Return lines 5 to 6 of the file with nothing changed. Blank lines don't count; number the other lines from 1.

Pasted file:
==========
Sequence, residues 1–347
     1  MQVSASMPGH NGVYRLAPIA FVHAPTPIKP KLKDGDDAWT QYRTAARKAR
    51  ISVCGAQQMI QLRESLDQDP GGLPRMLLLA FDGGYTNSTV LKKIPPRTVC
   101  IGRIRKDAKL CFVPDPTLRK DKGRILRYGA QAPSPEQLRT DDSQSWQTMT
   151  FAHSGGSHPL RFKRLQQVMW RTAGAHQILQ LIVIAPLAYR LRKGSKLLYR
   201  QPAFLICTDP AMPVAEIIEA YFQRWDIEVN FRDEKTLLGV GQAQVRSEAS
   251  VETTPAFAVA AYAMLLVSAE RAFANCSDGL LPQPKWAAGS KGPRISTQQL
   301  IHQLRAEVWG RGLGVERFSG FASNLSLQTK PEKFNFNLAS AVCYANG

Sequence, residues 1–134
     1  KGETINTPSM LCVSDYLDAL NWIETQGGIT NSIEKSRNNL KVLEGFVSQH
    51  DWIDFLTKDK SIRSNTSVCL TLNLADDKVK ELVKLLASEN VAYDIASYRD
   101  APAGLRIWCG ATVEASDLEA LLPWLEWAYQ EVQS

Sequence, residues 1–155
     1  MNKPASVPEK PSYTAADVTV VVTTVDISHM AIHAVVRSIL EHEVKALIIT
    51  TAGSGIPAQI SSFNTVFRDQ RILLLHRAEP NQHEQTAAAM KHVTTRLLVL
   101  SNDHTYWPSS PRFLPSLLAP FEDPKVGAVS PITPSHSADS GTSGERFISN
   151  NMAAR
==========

   151  FAHSGGSHPL RFKRLQQVMW RTAGAHQILQ LIVIAPLAYR LRKGSKLLYR
   201  QPAFLICTDP AMPVAEIIEA YFQRWDIEVN FRDEKTLLGV GQAQVRSEAS